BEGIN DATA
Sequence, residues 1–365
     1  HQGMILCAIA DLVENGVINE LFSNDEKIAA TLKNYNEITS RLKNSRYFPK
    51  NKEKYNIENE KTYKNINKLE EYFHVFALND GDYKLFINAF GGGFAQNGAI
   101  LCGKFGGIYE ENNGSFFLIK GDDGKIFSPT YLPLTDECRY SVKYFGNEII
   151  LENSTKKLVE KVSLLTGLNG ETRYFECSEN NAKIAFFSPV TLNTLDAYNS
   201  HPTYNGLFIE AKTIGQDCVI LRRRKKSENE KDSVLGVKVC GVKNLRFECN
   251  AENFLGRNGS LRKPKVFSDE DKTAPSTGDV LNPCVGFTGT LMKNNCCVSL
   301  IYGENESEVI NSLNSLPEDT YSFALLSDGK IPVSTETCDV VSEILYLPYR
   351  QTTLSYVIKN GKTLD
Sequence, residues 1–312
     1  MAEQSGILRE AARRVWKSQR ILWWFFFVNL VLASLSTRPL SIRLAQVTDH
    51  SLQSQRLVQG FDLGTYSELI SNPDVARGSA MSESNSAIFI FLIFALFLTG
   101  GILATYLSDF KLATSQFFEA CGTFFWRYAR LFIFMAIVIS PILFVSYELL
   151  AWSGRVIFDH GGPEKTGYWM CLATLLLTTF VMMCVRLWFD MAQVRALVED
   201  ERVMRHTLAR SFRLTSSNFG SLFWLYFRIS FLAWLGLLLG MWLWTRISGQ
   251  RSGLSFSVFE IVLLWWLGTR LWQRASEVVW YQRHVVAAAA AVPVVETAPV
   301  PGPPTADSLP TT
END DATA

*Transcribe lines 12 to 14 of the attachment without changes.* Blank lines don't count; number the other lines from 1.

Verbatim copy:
    51  SLQSQRLVQG FDLGTYSELI SNPDVARGSA MSESNSAIFI FLIFALFLTG
   101  GILATYLSDF KLATSQFFEA CGTFFWRYAR LFIFMAIVIS PILFVSYELL
   151  AWSGRVIFDH GGPEKTGYWM CLATLLLTTF VMMCVRLWFD MAQVRALVED